The name of this pass translates from Afrikaans to English as “Swirling Winds Passage”, which would be typical of the weather in this area, usually hot, dry and windy. Although it is located in a fairly remote region of the Northern Cape, it is worth the time and effort it requires to get there, if you enjoy driving quiet country roads dotted about with sheep, cattle and game farms.
The poort itself is a very minor one, with only one corner and a height gain of just 16 metres, but the magnificent Karoo scenery makes up for this deficiency. The gravel road is an excellent condition and can be driven in any vehicle.
This lovely little poort comes as something of a surprise when driving along the R61 between Tarkastad and Cradock after many kilometres of flat Karoo driving. It only takes 4 minutes to drive it and the gradients are gentle, so typical of a poort. Lovely sandstone formations are visible during the second part of the descent and there is one well designed layby worth stopping at at the halfway point at the apex of a big right hand bend at the confluence of the two streams.
The poort is named after the Rasfontein farm over which land it traverses and is approximately midpoint between the Karoo towns of Tarkastad and Cradock. There is a blanket speed limit of 80 kph throughout the length of the poort, which is a sensible speed to cope with all the bends which come thick and fast during the lower part of the poort.
Generaalsnek is a very minor pass located on the tarred R26 road between Fouriesburg and Ficksburg in the Eastern Free State highlands, close to the border with Lesotho. The entire length of the R26 is generally in a very bad condition, with potholes and patches everywhere, but this route can be driven in any vehicle and in any weather.
There is nothing to distinguish this little rise of just 49 metres with any of the other rises and falls along this road, except that it has been officially marked on the 1:50000 maps. The name of the pass was no doubt derived during the 2nd Anglo-Boer War, when this area was a hotspot of action, and there are many other passes in the vicinity that also have war connections. Perhaps it was named after that wily old fox very active in this region, General Christiaan De Wet?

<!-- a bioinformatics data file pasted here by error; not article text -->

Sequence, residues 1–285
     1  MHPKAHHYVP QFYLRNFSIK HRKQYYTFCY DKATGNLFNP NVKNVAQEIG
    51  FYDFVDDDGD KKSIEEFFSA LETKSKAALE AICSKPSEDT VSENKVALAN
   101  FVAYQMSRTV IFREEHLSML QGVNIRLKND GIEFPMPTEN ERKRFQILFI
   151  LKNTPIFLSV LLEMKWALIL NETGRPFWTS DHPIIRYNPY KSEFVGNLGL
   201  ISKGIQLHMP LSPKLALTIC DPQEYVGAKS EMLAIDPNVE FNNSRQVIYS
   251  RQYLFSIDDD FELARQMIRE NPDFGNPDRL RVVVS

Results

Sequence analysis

The A25 route is home to a number of spectacular passes. Although the Laitsoka Pass is not the highest, if offers magnificent scenery and includes the crossing of the high level bridge over the upper reaches of the Katse Dam. The pass is long at 14.7 km and contains 75 bends, corners and curves, of which 16 exceed 90 degrees, but there are no hairpins.
The average gradient of 1:25 is moderated by a central summit point of 2649m ASL but the gradients do reach 1:5 on several sections of the pass, so it's steep by any standards. The pass is tarred and forms one of the main routes through the central part of Lesotho and has become busier since the completion of the Katse Dam and the ongoing Lesotho Highlands Water Project.
There are at least two good lodges in the Lejone area for travellers to overnight at.
If you blink, you will pass through this little poort without noticing it. It's an official poort duly noted on the government 1:50,000 maps. The vital statistics are frivolous with the poort only being 1.1 km in length with an altitude variance of only 8m. The scenery is however, quite pleasant as the road follows the poort between two large hills - both comprising sandstone formations typical of the area.
The region offers wonderful tourism opportunities for the adventure traveller with the town of De Rust being the springboard and focal point of the area. The town is something of an artist's and writer's haven as many of the old buildings have been beautifully restored, as city folk have moved here to live a quieter lifestyle. The region also makes excellent port wine and it is of course also the southern gateway to the world renowned Meiringspoort.
This is a mega pass by any standards. It's very long at 32 km and displays an altitude variance of 1066m. With a summit height of 3244m ASL, headaches and nose bleeds might be experienced by travelers from the coast who have not had time to acclimatise. It is the second highest pass in Lesotho and is also commonly referred to as the Black Mountain Pass.